For part two, you will post a second blog entry TO YOUR OWN BLOG by the end of the day on Sunday, April 5th. After you complete the readings for this week, visit and read the Top 10 Myths about Virtual Schools. Based upon the readings and this website, what did you learn that surprised you? Where there things you posted in part one that were false (were any of them listed in the top 10 myths)? Where there things you posted in part one that were accurate?

In Week 13, you will be given specific instructions (groupings, prompts) for the discussion period.  However, in the meantime, feel free to comment on either of the two posts of any of your classmates.

Monday, March 2, 2015

Directions for Week 8

Here are your groupings for the week:

Group 1

Group 2

Group 3

First, review the directions for the initial post and make sure you've completed all of the requirements.  Next, read/reread the articles for week 7 and 8 (Deters et al, 2010; Fu et al, 2013) located in the folder.  In your discussions, think about your comments related to Wikipedia and YouTube, in which many of you said it was a) a good starting place but b) not necessarily reliable.

There are two things I want you to consider.  First, is it possible to sort bad, good, really good information within Wikipedia (i.e., what would make one entry more trustworthy than another)?  Second, how do you handle this in your own classroom if you say, "We're going to make a wiki, but Wikipedia is BAD."  Doesn't that taint the experience for the students?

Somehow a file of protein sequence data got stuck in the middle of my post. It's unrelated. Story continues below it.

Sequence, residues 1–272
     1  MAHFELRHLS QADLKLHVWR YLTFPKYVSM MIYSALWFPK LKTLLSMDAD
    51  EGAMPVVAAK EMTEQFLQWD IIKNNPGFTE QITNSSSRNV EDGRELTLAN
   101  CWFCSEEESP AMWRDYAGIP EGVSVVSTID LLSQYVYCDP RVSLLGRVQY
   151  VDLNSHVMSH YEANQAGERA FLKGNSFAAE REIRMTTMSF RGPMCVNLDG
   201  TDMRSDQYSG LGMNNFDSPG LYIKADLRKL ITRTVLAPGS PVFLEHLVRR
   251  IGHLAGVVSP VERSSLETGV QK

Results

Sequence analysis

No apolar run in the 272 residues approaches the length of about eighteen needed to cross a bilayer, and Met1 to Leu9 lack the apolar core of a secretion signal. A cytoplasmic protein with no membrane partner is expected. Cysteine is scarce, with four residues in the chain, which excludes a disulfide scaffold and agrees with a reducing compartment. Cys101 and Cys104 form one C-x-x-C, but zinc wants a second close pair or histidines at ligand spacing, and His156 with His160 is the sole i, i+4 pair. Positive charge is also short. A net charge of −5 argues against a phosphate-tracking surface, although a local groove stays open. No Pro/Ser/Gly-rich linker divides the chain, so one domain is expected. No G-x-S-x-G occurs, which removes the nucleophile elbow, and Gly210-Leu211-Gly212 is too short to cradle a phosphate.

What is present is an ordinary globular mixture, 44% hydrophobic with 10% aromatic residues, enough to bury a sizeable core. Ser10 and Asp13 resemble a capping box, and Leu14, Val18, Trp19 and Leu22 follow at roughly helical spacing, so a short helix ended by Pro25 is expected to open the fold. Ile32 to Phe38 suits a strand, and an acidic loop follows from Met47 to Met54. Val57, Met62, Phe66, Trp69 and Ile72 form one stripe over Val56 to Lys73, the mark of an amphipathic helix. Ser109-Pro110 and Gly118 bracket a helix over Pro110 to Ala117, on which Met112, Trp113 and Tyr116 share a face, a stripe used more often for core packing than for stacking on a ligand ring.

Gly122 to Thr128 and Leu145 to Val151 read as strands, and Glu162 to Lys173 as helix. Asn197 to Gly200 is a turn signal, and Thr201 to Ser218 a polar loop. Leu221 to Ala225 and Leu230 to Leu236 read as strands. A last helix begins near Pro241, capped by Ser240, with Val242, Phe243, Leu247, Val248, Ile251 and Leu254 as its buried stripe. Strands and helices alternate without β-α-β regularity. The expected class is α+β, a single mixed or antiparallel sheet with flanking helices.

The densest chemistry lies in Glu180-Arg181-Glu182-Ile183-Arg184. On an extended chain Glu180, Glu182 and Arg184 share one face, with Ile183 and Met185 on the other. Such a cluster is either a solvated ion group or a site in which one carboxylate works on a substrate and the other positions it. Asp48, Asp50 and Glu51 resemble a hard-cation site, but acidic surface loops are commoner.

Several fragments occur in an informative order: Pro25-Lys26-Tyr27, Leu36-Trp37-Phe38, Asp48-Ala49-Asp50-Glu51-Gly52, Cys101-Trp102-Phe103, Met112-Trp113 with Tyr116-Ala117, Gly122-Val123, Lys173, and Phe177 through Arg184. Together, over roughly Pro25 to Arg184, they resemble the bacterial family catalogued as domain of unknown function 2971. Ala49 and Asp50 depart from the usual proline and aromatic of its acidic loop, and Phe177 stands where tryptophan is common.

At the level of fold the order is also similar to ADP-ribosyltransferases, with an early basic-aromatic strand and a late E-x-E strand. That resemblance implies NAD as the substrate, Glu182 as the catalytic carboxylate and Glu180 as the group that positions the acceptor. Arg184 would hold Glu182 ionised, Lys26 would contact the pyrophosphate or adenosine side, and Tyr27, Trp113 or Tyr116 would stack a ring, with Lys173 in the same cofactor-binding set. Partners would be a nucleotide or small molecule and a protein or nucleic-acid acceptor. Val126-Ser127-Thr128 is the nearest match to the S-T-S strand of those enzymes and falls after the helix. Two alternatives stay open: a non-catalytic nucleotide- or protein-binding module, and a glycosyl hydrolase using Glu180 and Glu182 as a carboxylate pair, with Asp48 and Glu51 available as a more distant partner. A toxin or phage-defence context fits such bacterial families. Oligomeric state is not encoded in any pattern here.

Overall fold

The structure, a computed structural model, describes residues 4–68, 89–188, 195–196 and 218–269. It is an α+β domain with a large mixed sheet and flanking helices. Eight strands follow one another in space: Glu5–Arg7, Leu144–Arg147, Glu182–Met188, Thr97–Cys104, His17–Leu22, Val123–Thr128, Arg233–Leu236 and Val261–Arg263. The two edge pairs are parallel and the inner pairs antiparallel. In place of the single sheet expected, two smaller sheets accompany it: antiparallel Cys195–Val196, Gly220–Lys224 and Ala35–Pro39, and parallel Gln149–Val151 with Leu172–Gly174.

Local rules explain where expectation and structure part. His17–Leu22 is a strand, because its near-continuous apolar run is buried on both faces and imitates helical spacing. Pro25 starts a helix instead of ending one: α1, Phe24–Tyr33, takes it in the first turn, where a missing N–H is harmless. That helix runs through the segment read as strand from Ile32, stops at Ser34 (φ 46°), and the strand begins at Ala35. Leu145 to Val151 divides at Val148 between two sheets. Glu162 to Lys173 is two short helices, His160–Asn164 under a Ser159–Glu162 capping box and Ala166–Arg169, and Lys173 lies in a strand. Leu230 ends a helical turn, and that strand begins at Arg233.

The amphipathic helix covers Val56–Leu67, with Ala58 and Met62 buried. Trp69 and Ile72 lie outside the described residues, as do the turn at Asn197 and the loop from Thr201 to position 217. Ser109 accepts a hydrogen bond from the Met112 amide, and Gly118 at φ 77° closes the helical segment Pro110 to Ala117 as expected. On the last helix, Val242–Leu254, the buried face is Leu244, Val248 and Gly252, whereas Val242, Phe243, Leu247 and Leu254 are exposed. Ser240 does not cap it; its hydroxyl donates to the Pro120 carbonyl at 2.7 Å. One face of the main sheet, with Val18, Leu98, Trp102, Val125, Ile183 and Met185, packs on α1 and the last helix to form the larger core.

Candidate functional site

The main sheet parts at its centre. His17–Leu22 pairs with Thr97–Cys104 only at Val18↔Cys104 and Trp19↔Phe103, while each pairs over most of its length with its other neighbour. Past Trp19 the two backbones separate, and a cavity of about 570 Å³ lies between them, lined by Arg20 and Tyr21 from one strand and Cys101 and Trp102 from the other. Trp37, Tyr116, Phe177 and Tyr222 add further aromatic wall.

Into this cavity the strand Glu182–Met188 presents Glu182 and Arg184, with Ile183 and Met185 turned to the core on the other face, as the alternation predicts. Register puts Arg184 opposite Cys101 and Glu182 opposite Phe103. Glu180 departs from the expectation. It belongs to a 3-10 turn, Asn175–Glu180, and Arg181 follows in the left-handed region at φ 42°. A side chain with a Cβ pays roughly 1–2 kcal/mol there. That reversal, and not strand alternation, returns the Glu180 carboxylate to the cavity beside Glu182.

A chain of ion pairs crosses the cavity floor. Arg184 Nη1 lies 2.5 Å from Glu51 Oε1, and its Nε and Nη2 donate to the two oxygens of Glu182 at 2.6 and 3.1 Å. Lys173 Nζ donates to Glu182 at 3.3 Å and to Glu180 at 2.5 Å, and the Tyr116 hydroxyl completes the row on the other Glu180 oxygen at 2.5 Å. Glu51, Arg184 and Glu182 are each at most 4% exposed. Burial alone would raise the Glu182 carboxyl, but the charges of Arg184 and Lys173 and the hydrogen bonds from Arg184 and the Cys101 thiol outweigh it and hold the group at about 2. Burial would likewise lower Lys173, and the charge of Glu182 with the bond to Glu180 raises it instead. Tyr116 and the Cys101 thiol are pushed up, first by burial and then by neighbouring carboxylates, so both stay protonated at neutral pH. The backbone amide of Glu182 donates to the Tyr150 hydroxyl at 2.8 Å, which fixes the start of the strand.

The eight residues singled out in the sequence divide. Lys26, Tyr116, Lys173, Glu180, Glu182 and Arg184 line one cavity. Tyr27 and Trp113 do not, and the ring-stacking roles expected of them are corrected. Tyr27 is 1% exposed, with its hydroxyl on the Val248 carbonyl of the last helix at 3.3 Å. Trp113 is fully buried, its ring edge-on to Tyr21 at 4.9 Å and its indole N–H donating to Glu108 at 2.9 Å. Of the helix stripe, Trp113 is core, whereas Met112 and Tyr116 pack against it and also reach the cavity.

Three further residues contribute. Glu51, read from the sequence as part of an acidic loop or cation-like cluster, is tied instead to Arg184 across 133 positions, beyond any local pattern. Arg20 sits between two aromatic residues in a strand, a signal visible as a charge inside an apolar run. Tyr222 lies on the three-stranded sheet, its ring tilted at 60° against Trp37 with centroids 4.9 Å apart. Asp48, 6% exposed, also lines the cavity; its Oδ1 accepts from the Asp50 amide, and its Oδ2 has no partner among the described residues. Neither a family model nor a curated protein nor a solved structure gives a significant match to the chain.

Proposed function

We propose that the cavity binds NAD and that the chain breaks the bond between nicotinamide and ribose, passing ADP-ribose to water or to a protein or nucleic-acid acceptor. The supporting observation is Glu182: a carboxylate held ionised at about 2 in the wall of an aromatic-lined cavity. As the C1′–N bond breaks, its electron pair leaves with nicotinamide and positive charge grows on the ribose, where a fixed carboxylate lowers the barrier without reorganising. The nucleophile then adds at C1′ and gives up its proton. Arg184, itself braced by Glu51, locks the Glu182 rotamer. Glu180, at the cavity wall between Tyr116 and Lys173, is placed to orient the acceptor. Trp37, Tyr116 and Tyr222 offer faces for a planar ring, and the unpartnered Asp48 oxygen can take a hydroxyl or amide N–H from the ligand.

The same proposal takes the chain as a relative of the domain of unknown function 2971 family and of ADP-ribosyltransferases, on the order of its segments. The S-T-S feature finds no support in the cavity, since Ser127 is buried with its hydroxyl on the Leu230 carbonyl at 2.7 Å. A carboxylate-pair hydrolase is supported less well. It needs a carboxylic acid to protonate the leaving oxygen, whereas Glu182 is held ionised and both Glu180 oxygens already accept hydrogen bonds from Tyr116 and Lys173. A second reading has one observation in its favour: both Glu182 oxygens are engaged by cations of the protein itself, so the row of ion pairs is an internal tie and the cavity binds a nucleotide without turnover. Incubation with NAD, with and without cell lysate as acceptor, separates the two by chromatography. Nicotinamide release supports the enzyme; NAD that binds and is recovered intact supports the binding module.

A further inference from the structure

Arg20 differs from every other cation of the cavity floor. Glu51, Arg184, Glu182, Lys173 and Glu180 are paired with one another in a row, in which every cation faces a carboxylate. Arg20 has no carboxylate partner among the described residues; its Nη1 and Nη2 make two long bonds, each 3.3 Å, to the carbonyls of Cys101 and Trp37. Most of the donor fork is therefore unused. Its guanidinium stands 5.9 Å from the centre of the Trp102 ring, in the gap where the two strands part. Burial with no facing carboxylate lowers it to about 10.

Comment on a minimum of two of your group member's posts, be sure to specifically mention content from the readings, and respond to any comments made to your post.  My directions are, admittedly, a little less structured than before, because I want you to question your assumptions about how information is curated, shared, and interpreted.

One final comment:  Comments related to posts about the blogs and feeds are not tied to the grade for this assignment (e.g., "Hey, Jill, I really like this blog you found last week.  I'm going to use it, too.").

Monday, February 23, 2015

Week 7 Prompt

For this week, you will have two SEPARATE postings.

Post #1 - Building and Refining your PLN

At the beginning of the term, you created a Twitter account and set up an RSS reader. Now it's time to refine and expand this process. Using a site like Google Blog Search (, or, search for blogs that might be of interest to you based upon your own teaching background (e.g., grade levels, students, geographic location, subject area, etc.). You may also want to consider searching in Google with phrases such as (without quotes), "[your content area] blogs," "K-12 blogs," "Best [content area] blogs," etc.

Select THREE ADDITIONAL blogs to add to your RSS reader (and feel free to select more than three if you find others that are of interest to you).

Write an entry to your blog that lists the three blogs you have selected, the address for each of these three blogs, and a sentence or two about why you selected to follow them. Please include more than something to the effect of, "It was a blog about using technology in elementary school." or "It was about teaching high school mathematics in an urban area." There are dozens, if not hundreds or thousands of blogs that meet those criteria. Why did you pick that specific one? What about it caught our attention and/or interest?